Saying No


So I seem to be doing a lot of reflective posts lately and this is about saying no and how saying no is a massive strength and something that I don’t think any of us give ourselves credit for.  That could be by being able to utilise experiences that we’ve had; whether that be financially, emotionally, physically, to react to situations that we have been in before. I think we all like to think that, ‘We wouldn’t do that again!’  But I think it’s quite often the case that you do. Because, there are two of you; the devil and the angel on your shoulders. One’s going, ‘Yep, yep, yeah, this is great, this is great, this is great,’ and the other one’s going, ‘Naahh.’ And it depends on the day, it depends on how much you listen to one or listen to the other. ‘Ooooh, they’re not going to be like that again,’ ‘Ooooh, they’re going to pay you on time, this time.’ And by kind of listening to one or the other, you can put yourself in a hole, one way or the other. You’re kind of repeating the thing and six months later you’ve got a lot of stress and hassle on the back of a decision made.  Or the other side, you say no to something and then you’ve kind of got that little bit of regret of, ‘Well, maybe I should have done that.’

I suppose being able to say no to things has come a lot easier now. I know what I do now.  I’m not chasing for, ‘Yeah, yeah, yeah, I’ll do anything, I’ll do anything, I’ll do anything,’ and there’s plenty of things that I won’t do shoots-wise. Because either it doesn’t click with me, I don’t feel as though my skills are that well suited to it, but also clients come into it. So, if I’m working for a client and it’s been a bit of a difficult one; maybe they didn’t quite get what they wanted or they were incredibly pedantic about certain things that were really outside of control. I think being able to bring that into it and kind of going, ‘Is this opportunity that’s presented to me actually an opportunity or is it a potential for extra stress and hassle?’ That’s over and above any kind of daily decision you make that could potentially cause stress and hassle.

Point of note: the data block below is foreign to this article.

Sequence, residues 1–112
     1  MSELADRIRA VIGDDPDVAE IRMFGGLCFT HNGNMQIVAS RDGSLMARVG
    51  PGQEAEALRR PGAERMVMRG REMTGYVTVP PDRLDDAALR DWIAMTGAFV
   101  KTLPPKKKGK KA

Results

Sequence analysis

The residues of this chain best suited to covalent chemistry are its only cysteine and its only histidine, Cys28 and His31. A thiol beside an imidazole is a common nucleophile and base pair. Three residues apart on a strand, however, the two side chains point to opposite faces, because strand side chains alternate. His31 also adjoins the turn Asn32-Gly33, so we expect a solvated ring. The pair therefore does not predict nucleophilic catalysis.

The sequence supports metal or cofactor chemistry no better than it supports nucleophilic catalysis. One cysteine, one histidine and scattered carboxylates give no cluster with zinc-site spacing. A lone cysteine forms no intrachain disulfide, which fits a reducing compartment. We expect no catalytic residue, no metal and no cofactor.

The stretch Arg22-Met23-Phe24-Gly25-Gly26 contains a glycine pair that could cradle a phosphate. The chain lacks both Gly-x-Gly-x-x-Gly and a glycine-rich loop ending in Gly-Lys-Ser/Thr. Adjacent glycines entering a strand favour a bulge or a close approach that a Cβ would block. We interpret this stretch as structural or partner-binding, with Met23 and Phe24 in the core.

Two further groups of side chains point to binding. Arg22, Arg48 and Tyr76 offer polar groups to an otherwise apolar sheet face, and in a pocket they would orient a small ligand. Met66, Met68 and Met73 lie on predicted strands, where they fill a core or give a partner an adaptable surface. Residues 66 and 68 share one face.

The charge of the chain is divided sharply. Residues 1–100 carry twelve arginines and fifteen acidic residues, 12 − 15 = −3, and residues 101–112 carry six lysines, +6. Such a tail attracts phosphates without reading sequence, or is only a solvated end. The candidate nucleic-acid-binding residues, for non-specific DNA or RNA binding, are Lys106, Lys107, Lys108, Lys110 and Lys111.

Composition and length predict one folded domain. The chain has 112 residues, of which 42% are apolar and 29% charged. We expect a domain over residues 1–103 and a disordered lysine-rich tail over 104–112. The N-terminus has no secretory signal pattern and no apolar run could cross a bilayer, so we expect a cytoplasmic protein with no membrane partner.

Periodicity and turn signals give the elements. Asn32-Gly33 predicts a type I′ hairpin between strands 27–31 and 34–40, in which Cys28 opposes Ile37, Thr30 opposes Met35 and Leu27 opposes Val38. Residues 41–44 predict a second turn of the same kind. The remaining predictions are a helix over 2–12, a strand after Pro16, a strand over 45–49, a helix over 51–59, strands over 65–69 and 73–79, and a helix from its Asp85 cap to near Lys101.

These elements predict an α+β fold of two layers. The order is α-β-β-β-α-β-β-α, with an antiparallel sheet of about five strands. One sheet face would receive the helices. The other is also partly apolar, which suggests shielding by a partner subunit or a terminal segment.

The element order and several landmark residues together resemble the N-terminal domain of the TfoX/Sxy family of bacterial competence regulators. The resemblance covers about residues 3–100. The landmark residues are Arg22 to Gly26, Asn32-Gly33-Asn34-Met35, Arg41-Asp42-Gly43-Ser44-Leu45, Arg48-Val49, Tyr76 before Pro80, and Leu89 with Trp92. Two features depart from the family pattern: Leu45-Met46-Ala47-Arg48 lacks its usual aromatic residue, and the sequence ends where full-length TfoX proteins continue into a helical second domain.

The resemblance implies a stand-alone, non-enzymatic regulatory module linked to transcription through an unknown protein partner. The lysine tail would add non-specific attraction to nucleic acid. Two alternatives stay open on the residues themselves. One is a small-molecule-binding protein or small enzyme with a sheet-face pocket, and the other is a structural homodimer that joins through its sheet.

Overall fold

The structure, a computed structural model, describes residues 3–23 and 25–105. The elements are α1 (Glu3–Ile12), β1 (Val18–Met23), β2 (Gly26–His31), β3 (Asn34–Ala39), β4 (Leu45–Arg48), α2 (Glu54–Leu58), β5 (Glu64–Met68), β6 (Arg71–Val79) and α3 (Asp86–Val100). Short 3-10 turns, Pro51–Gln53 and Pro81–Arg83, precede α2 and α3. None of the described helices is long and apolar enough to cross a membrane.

But, it’s about making the decisions informed decisions. Over the last two years since Covid, I’m in a lot better position mentally to be able to say no – politely, obviously and how I decide to reply in totality may dictate whether I’m going to work with that client again in the future or potentially could work in the future. If it’s one-off jobs, that I’m never going to see again, it’s a lot easier to say no to. If it’s a potential for an ongoing relationship, ‘That could be great, it could be this, it could be that.’ You’ve got to look at that differently. But I think the skill of being able to go, ‘No. No, but this,’ or, ‘No, how about this?’ or you know, ‘Could we do this instead?’ kind of thing and then kind of being in a position of strength to be able to do that, but in the knowledge that the skillset and financials will allow.